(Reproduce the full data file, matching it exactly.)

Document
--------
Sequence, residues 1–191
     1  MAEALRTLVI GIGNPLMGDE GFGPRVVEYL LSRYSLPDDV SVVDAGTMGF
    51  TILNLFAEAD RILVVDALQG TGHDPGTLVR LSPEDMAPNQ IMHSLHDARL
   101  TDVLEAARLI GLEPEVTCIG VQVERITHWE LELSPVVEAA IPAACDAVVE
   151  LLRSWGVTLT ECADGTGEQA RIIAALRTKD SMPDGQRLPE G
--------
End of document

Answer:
Sequence, residues 1–191
     1  MAEALRTLVI GIGNPLMGDE GFGPRVVEYL LSRYSLPDDV SVVDAGTMGF
    51  TILNLFAEAD RILVVDALQG TGHDPGTLVR LSPEDMAPNQ IMHSLHDARL
   101  TDVLEAARLI GLEPEVTCIG VQVERITHWE LELSPVVEAA IPAACDAVVE
   151  LLRSWGVTLT ECADGTGEQA RIIAALRTKD SMPDGQRLPE G